Yet other details seem to be forgotten. Pip tells almost nothing of his beatings from Great expectation essay estella. Joe, but a great deal about his fear of them, using adult vocabulary and concepts in these reflections. The opening scene with little Pip in the cemetery recalls the tombstones as looking like "lozenges," soothing the throat of this mature narrator. This way, the adult Pip not only evaluates events as he remembers them but also adds a deeper insight than he would have had as a child.

The story unfolds chronologically from Pip's earliest memories to his most recent experiences. And while some critics justify Dickens' revised ending, Pip's development is most believable for modern readers if he parts from Estella with the final realization that he could never have been happy with her and her great expectation essay chapter 1 legacy from Miss Havisham.

In Great ExpectationsPip must not only work out his problems but also sort out reality from his childhood dreams. Realistically, the only way that he can do this is by trial and error and learning from his mistakes.

First comes his education, demonstrating that becoming a gentleman means more a good college essay having material wealth. Pip may read as many fine books as he can, but the most important lessons come not from them he does not quote from them but from his analysis of real people and events in his society. While Drummle is financially wealthier than Herbert Pocket or Startop, among Pip's London friends, Drummle has no redeeming qualities nor does he value his friends, which Pip learns is the most important thing in his own life.

In his development, Pip discovers that Miss Havisham has not been his kindly benefactor as he had assumed. Even so, he is able to both save her life and help her to find a little left of her soul before she dies. By helping someone who only appears to be better off than he is, he finds honor in his own name, as humble as that may be. It is ironic that the criminal Great expectation essay estella had insisted, as a condition of Pip's allowance, that he keep his boyhood name "Pip" rather than "Phillip.

He admits that he has at times been ashamed of his country life and do my homework site. Pip also reveals that while he once enjoyed being treated royally by Uncle Pumblechook and Tragg in town, he sees now that this was a false honor. The true nobility is in his homecoming, which is similar to the biblical prodigal son 's return. Pip confesses to Joe and Biddy that he has been too proud to appreciate their unfailing love until great expectation essay chapter 1 finally comes back to them with his new knowledge.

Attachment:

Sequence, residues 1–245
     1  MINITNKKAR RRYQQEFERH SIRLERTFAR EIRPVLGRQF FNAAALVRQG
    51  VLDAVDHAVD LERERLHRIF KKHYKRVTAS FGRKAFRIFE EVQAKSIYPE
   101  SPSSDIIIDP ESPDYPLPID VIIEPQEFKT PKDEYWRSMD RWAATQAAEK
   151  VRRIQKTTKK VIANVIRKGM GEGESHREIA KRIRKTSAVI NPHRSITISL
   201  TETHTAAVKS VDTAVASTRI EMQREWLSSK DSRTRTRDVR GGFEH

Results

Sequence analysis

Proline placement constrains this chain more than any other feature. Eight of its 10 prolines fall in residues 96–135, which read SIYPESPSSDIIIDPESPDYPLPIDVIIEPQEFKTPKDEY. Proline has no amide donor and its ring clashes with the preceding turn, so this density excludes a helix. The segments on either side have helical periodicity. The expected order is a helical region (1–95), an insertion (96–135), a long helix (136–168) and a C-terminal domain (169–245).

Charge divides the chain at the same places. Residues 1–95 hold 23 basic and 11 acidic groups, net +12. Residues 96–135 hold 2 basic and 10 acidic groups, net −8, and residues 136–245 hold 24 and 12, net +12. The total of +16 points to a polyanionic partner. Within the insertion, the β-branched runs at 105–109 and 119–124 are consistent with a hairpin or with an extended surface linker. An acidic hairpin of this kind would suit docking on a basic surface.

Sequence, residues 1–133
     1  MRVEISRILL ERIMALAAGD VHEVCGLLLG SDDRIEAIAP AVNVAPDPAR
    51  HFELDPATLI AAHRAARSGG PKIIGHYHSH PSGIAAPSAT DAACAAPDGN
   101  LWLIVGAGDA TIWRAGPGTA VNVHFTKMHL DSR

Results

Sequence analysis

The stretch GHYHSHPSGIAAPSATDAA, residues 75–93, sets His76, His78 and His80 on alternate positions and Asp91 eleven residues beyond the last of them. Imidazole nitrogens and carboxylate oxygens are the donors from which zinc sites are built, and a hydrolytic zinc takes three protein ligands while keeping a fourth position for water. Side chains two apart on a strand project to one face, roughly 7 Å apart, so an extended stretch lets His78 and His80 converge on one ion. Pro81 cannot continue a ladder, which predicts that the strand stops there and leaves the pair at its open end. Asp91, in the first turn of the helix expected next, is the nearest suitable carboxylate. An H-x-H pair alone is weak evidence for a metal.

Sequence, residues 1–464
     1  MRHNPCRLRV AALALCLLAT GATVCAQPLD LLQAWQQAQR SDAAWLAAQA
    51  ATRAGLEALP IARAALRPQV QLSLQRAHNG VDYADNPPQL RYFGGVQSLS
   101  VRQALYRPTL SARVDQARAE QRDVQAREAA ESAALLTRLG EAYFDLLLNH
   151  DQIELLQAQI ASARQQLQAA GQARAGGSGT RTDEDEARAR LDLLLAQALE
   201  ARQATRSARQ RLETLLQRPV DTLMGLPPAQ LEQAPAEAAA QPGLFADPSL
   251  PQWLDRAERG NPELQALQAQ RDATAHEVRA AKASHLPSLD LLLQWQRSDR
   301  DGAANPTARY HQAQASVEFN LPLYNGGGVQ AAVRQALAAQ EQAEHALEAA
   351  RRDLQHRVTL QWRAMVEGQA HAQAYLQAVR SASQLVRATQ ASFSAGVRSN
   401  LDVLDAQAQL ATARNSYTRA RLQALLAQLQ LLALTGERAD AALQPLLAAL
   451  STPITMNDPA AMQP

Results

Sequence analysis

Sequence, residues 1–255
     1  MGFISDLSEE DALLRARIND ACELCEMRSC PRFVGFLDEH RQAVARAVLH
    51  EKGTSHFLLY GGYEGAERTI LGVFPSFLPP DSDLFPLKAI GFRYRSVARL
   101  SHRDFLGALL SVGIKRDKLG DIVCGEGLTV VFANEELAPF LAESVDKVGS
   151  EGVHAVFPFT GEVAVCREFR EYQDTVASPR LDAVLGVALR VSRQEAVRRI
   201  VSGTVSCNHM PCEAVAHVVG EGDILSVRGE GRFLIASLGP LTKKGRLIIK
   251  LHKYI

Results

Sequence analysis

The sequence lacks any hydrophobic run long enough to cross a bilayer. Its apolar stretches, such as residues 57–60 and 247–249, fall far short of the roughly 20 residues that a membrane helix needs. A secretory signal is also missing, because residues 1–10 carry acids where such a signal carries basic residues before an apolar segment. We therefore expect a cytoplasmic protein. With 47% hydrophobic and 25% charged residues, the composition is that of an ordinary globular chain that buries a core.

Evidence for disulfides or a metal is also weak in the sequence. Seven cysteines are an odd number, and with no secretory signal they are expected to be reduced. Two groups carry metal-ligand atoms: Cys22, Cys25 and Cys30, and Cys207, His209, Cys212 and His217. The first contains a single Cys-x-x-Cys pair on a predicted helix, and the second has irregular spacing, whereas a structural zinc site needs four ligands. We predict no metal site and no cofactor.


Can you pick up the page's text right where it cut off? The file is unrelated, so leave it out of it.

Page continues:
With so many serious things to think about and the ever-present dangers that appear, Pip is always glad to slip away to Wemmick's miniature castle, complete with a tiny moat and cannon, where all good things seem possible again in this stronghold against the evil of the outer world.

One of the best features of the place is the stereotypical character of Wemmick's father, the laughable Aged Parent. Good-natured, deaf, dependent, and weakened by age, the old man is no threat to Pip or to anyone. Instead, he requires the protection of those who have power in the world, that is to say Wemmick and Pip. Wemmick's devotion to his old father seems to Pip to be a wonderful thing, especially in a society that constantly seeks out the weak to take advantage of them.

However, the fragility of the situation makes Wemmick's house seem all the more magical. As close as it is to the unforgiving city life of London, it is a world apart-something about which Wemmick constantly cautions Pip. It is not to be mentioned to Jaggers or to anyone outside of this rare and delightfully protected environment. Pip is rewarded for honoring Wemmick's trust and friendship by being allowed to cook and watch over the Aged Parent, as well as being honored as Wemmick's only wedding guest who is not kin.

Pip soon becomes as fiercely protective as Wemmick is of this place where evil dare not enter.

Great Expectations Essay - Essay

The distinctions between the city, the town, and the country are the most apparent shifts in Pip's story. Although all of them harbor dangerous elements, all of them also carry the forces of good. The difference is that the marsh folk are more obvious in their desires. Orlick is the example of a man without a soul, and Pip recognizes this from the beginning.

It is no surprise when it is revealed that he was Mrs. Joe's savage attacker. The fact that he would also kill Pip points out Orlick's lack of distinction between those who deserve his vengeance and those who do not. He readily attacks anyone who gets in his way. However, in town Tragg's boy makes Pip the laughingstock of all who have more in life than he will ever have, thus showing humor and a knowledge of the world that Orlick does not have.

Even so, Orlick believes he has power over others who may be better off than he is, which he tries to prove. By contrast, along London's sooty streets are those who know Jaggers. They both fear and respect him as someone with the education and social power to help them. He is as impersonal as the buildings around him, but if he cannot save their lives they are certain that they could not have been saved by anyone.

That kind of blind trust is not found in the village-where even Tragg's boy dares to mock Pip-or on the marshes where brute strength may means survival. Of the three, the city is least likely to recognize individuality, which Pip indicates by noticing the overall dirtiness and decay of it as soon as he arrives there.